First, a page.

System Structure • Over the years as more and more features have been added to the OS, and the underlying hardware has become more capable and versatile, the size and complexity of operating systems has grown. • IBM’s OS/360 (1964) contained just over 106 machine instructions. By the mid 1970 s the Multics OS contained more than 20 x 106 machine instructions. Windows 2000 contains more than 32 x 106 lines of code. Windows XP has more than 40 x 106 lines of code. The Linux Fedora 9 kernel contains about 7 x 106 lines of code with the entire distribution just over 204 x 106 lines of code. Windows 7 contains about 50 x 106 lines of code • Modular programming alone is not sufficient to manage the development of such large systems of code. There has been an increasing use of hierarchical layers and information abstraction in the design of modern OS. • The hierarchical approach views the OS as a series of levels where each level performs a related subset of functions • Each level relies on the next lower level to perform more primitive functions. This decomposes a problem into a number of more manageable subproblems COP 4600: Intro To OS (Processes) Page 16 © Dr. Mark Llewellyn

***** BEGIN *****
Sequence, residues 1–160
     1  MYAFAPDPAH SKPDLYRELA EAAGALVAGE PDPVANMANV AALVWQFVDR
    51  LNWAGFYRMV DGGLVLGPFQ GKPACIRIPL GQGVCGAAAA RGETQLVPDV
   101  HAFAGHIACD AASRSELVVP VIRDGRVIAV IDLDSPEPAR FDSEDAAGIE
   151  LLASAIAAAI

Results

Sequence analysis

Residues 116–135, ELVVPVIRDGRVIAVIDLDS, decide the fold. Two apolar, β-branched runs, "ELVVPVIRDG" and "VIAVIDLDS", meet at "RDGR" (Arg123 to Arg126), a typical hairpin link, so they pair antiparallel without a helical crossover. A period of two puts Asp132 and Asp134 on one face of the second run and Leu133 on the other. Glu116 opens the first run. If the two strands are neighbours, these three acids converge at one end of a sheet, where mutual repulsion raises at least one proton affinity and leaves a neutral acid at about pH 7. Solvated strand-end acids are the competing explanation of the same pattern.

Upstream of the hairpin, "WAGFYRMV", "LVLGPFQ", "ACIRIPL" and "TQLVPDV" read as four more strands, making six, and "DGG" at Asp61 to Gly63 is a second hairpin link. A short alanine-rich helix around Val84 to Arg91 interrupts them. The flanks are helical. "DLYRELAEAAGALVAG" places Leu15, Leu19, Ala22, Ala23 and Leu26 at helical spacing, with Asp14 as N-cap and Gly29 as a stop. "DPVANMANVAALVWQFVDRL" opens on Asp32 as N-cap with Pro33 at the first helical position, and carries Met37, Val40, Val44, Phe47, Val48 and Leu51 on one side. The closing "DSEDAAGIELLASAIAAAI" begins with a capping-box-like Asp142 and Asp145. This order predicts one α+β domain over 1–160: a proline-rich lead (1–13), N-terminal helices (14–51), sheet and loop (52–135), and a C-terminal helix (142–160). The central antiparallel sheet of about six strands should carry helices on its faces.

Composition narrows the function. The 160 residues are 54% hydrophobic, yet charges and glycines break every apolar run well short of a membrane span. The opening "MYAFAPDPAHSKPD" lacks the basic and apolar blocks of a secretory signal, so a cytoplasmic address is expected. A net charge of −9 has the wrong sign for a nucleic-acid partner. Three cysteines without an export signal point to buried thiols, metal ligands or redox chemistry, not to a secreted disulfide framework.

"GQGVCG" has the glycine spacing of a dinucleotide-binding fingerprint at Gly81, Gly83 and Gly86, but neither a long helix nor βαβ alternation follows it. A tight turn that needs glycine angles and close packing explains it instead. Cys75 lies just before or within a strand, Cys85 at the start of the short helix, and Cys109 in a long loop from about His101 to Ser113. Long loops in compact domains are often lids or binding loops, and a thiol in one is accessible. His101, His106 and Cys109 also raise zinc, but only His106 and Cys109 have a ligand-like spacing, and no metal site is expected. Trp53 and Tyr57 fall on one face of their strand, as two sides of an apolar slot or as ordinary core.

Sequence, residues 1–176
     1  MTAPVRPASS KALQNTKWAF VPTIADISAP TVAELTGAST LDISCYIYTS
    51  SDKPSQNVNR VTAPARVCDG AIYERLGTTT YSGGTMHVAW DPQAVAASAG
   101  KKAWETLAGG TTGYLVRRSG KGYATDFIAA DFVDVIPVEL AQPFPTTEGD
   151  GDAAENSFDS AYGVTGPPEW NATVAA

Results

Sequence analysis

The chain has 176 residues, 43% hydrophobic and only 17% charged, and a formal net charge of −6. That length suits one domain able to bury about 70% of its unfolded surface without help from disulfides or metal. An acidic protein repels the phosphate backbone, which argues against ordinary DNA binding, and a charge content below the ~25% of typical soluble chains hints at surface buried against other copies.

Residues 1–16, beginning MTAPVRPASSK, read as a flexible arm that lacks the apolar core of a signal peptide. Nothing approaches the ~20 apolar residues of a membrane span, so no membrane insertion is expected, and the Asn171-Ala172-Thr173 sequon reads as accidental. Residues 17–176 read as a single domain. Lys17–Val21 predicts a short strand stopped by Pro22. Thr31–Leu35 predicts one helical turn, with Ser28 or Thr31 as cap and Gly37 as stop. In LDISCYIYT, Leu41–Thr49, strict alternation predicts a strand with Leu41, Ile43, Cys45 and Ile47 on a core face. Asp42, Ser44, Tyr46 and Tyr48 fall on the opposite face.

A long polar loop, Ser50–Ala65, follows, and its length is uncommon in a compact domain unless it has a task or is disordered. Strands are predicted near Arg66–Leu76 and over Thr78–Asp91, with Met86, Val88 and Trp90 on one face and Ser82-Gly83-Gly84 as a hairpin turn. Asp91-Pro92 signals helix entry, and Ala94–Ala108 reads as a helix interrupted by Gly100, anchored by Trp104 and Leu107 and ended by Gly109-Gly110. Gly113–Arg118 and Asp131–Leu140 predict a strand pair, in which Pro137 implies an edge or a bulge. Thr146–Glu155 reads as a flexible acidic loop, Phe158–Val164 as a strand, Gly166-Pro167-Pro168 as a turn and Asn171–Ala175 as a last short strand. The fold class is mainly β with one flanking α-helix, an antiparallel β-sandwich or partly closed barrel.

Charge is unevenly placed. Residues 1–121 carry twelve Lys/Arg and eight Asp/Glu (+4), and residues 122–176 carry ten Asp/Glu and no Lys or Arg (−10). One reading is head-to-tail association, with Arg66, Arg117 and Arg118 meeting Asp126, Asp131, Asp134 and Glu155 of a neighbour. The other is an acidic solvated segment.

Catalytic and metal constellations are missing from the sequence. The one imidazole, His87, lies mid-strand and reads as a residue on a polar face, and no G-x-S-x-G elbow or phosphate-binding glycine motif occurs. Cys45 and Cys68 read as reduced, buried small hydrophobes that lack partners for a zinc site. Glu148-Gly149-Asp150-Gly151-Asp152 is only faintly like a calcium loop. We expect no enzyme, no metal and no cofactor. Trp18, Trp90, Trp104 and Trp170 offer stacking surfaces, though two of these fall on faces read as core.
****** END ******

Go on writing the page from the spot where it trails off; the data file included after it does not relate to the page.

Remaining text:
System Structure • In general, lower layers deal with a far shorter time scale.

System Structure • In general, lower layers deal with a far shorter time scale. • Some parts of the OS must interact directly with the computer hardware, where events can have a time scale as brief as a few billionths of a second. • At the other end of the spectrum, parts of the OS communicate with the user, who issues commands at a much more leisurely pace, perhaps one every few seconds. COP 4600: Intro To OS (Processes) Page 17 © Dr. Mark Llewellyn

Hardware Processor External Objects Level Name Objects Example Operations 13 Shell User programming environment